• The model also makes a simplifying assumption that income per product will be flat over time.  Depending on the situation, this could be a conservative assumption (underestimates top/bottom-line growth) or an aggressive one (overestimates ability to sustain margin).

Please share your feedback

This is definitely a work in progress.  Like any model, I know this one isn’t perfect.  But I’m hoping to make it as useful and simple as possible for artists and their teams to use.

Download it here, experiment with it, and let me know what you think.  In particular, if any of you marketing experts out there have any suggestions/comments about the churn rate and sales conversion rate defaults, I’d love to hear from you.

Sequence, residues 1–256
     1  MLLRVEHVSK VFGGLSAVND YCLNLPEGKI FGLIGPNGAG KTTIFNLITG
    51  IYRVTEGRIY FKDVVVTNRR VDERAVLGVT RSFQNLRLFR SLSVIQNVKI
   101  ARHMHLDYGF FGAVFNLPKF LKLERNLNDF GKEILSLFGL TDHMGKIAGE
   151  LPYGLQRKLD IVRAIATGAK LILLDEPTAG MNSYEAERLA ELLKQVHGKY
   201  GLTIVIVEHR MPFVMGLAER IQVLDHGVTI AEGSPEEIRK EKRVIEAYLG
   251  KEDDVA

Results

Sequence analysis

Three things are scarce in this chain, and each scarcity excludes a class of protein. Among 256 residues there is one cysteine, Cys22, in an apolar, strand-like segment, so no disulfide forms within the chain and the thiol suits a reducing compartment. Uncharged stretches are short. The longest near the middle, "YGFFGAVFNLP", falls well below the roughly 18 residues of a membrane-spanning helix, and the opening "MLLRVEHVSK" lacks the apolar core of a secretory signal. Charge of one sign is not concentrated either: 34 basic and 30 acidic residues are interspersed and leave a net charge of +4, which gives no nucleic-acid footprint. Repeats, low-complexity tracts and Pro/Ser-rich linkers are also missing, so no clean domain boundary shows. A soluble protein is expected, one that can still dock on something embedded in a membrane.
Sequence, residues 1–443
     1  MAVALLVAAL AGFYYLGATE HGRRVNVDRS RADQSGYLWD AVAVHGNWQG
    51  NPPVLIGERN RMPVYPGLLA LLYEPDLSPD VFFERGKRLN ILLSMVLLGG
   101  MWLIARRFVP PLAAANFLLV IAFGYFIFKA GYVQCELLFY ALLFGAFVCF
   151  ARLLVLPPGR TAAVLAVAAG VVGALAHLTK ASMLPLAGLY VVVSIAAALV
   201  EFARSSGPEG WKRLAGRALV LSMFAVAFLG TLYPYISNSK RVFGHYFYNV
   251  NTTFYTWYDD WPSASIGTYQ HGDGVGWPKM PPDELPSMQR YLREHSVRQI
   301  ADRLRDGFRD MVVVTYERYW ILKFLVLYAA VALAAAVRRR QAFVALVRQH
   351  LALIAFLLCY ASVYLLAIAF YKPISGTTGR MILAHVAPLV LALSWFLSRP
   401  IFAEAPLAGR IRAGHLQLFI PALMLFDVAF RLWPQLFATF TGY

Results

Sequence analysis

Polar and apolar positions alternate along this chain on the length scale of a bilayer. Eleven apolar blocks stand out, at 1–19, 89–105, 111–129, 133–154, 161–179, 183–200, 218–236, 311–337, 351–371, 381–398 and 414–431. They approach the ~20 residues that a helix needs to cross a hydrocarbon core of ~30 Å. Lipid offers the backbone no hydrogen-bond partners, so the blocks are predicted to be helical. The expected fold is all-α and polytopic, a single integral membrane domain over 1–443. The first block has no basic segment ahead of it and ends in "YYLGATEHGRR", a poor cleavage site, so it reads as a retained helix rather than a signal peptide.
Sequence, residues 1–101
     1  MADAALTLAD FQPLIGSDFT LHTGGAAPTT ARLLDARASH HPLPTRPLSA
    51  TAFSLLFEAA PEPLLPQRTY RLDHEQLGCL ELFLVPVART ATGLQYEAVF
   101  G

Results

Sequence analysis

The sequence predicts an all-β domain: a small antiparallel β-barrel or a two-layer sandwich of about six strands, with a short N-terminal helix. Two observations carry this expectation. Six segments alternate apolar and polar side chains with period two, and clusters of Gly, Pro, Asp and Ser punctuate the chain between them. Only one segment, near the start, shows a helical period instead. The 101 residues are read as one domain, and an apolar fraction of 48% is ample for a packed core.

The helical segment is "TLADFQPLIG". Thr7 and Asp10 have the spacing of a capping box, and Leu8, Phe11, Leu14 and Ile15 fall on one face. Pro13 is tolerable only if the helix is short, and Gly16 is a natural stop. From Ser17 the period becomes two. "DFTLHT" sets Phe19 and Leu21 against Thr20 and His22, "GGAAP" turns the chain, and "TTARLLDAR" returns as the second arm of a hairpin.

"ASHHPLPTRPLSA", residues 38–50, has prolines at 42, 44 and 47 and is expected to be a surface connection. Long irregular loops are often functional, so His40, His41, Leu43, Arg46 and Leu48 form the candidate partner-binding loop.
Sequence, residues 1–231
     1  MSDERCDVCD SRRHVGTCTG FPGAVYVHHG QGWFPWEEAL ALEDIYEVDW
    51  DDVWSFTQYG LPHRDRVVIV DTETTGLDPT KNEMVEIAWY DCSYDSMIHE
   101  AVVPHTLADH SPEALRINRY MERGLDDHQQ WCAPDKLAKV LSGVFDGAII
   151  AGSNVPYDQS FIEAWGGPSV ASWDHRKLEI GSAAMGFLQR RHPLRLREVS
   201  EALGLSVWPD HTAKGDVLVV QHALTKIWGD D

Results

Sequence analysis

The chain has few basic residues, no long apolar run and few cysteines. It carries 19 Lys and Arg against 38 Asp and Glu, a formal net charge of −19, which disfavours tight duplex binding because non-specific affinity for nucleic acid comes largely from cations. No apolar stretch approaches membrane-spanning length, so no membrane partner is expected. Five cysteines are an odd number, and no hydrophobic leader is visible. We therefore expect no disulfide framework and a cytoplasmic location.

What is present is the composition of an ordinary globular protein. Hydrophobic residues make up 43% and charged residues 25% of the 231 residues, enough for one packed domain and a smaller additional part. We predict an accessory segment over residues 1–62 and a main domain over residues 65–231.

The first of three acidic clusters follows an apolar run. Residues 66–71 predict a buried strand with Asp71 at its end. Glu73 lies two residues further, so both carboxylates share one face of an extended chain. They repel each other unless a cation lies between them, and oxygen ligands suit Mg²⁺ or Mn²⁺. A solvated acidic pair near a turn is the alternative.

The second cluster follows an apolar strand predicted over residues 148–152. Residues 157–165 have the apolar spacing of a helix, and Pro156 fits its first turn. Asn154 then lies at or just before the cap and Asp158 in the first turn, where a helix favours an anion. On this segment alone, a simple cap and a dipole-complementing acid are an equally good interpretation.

I look forward to refining this model with your help…

Reader Comments (8)

"In general, email lists tend to be more valuable than other online marketing channels, so this seems like good segment to focus on as a starting point."

Any guesses on why?

September 30 | Unregistered CommenterJustin Boland

^^Not why that's a starting point, but why "email lists tend to be more valuable."

As a side note, today's news had something very relevant to your project I think you'll dig:

The Value of Online Fans report from iMedia Connection.

September 30 | Unregistered CommenterJustin Boland

Nicely done. I’ll need to dig deeper into this, but on the surface provides much needed transparency for artists in terms of where the money is/can be made…it’s not just about selling your recorded music. Look forward to following this effort, it will provide valuable prospective as assumptions and other factors are fine tuned in the model.

September 30 | Unregistered CommenterAndy Young